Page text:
There is an interesting letter on Exit and Support from a woman who finally had the courage to leave the Philadelphia Church of God. Her route out was exacerbated by Gerald Flurry's obscene "no contact" rule that has ripped families apart. Because her parents were always good to her and because she loved them she refused to separate herself from her them. This eventually led her away from the PCG cult.
One thing she eventually did was start reading about Christian history WITHOUT a little COG penned book by her side.
The healing finally started--after what felt like eternity--when I at last found the courage to start asking hard questions, questions I would never have dared to ask while within the organization. They were questions that would sometimes come up in the past but were always brushed aside. Questions like: How can they demand I go against my conscience or be put out of the "church"? Isn't my first loyalty supposed to be towards God? And eventually I dared to ask, by what authority do those men really have the right to stand up and teach me God's truth? Who appointed them? And actually, who appointed Herbert Armstrong? Lots of religious leaders believe that they alone speak for God. Why did I really believe he was the only one used by God? Is it just because that is what we were told, or is there a better reason? Because I thought it all "made sense"?
For the first time in my life I timidly began to study church history--objectively study it--not with the "assistance" of a tiny WCG-printed booklet that would gloss over centuries in a few paragraphs. Coming to Herbert Armstrong's place in it, I had to honestly admit that his claims were largely unfounded. How could we dare dismiss the thousands who throughout history have shed their blood for their (Christian) faith as being "deceived," thinking ourselves to be so much more faithful and understanding? And how could we really accept that when Christ so clearly commanded His disciples to "go into all the world" 2000 years ago, that that command wasn't fulfilled, and the church just basically fell off a cliff, only to unexpectedly resurface in the 1900s after endless disputes between men who thought they were called by God?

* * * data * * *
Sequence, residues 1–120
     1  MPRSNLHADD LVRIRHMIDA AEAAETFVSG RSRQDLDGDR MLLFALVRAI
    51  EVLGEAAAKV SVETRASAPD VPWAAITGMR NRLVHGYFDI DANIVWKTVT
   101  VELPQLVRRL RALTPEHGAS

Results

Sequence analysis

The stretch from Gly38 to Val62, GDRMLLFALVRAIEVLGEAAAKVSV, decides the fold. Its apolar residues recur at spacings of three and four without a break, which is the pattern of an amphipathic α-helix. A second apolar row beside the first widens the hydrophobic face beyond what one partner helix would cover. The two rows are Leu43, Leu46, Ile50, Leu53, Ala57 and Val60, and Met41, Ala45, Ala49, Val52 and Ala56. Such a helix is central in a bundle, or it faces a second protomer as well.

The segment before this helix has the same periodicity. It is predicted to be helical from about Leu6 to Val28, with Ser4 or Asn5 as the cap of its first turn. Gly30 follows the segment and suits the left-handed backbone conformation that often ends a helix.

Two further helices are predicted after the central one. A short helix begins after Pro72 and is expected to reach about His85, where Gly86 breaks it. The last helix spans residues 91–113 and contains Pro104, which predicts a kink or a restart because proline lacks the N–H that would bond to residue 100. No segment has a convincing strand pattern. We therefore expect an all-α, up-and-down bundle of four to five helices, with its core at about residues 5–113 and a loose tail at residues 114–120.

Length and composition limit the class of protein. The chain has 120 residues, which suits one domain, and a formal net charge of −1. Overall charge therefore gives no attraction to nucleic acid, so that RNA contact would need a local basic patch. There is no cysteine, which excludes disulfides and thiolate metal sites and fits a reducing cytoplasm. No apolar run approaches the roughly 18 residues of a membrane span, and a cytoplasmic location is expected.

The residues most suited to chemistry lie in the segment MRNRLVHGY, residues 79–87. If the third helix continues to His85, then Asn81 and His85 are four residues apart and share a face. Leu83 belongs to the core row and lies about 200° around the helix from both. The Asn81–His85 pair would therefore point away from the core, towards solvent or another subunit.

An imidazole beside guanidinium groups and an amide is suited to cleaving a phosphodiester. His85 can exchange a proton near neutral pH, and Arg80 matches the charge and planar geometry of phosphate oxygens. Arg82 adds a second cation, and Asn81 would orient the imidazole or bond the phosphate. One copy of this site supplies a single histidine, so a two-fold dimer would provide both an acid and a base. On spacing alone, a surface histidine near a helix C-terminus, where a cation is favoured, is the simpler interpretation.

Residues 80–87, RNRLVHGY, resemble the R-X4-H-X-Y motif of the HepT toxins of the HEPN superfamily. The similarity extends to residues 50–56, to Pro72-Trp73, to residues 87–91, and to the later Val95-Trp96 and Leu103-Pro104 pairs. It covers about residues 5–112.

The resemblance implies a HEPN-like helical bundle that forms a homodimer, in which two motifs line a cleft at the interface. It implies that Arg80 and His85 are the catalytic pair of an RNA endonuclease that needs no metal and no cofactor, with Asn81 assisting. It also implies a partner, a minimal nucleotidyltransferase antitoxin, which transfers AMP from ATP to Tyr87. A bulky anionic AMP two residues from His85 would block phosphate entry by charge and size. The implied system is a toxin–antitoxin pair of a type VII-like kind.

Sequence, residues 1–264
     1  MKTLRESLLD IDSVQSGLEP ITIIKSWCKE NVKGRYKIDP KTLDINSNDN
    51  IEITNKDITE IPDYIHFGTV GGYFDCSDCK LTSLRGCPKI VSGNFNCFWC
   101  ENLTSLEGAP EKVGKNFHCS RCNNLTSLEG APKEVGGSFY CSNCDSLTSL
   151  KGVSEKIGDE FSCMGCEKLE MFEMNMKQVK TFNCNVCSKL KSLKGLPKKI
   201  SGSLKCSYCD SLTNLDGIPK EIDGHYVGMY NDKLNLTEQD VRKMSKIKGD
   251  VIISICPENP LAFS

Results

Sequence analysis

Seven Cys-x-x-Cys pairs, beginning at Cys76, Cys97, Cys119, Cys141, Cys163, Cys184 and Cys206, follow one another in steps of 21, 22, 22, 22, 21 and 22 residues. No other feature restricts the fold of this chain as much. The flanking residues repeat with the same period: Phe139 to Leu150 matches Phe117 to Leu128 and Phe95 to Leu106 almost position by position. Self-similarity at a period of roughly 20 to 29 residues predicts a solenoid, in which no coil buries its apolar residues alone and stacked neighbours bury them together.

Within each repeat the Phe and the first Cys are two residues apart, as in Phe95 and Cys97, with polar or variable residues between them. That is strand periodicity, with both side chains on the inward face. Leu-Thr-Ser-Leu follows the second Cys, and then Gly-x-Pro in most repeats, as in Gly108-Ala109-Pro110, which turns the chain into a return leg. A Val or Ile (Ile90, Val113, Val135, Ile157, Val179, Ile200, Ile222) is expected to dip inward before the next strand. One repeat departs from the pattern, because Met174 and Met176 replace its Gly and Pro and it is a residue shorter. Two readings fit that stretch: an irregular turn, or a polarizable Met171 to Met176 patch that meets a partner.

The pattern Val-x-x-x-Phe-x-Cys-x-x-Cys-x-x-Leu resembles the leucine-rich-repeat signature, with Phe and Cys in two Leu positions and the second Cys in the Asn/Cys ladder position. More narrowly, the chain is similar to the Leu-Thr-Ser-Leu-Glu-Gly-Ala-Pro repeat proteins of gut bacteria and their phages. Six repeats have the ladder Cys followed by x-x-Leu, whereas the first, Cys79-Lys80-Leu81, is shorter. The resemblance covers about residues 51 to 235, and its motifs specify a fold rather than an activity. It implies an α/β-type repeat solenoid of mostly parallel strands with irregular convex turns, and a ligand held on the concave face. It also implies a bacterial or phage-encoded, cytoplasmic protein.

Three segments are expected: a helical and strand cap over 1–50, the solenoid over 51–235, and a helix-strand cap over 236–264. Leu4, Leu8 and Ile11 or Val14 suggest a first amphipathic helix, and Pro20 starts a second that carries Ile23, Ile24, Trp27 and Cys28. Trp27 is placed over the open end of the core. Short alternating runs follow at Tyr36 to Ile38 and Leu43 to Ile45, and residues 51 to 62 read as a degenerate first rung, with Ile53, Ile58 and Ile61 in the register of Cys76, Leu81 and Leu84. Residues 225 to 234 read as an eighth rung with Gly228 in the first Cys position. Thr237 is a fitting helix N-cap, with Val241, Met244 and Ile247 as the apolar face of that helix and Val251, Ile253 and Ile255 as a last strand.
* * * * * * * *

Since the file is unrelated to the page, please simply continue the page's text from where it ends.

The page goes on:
One of the first things I did exiting Armstrongism was take a four year course on the study of Hebrew, Christian scriptures, church history and Christian thought. It was a mind shattering experience that easily debunked everything about Armstrong, long held beliefs of what scripture was supposed to mean and opened the door to church history unlike ANYTHING I ever read in Armstrongism.
The writer above is correct to question above the long held belief that Herbert Armstrong restored church history and doctrine that God had somehow let get lost for 1,900 years. Seriously, what kind of an impotent god would allow such a thing to happen? Armstrong's god, apparently.
Is church history filled with corruption, greed, averse and destruction? Absolutely, just like Armstrongism is filled with it to this day. However, through it all there were faithful men and women who struggled with the Word they claimed to follow, struggled with doubt, struggled with failure and yet went to the four corners of the earth sharing a story they had that brought meaning to their lives. They lived and died, many times murdered for their beliefs, yet the Church of God writes these people off as "deceived." Or, as false prophet Bob Theil calls then, "so-called Christians." These "deceived" and "so-called" Christans make the works of Theil, Flurry, Pack and Meredith look like baby pablum instead of the truth they claim it to be.
If you need some interesting reading for the summer then consider these books:
A New History of Early Christianity by Charles Freeman
Christianity: The First Three Thousand Years by Diarmaid MacCulloch
The Story of Christianity by Justo Gonzalez
A History of Christian Thought by Justo Gonzalez
Documents of the Christian Church edited by Henry Betttenson and Chris Maunder
The Early Christan Fathers edited by Cyril Richardson
Reading just one of these books quickly points out that Armstrongism is nothing more than an insignificant blip on the timeline.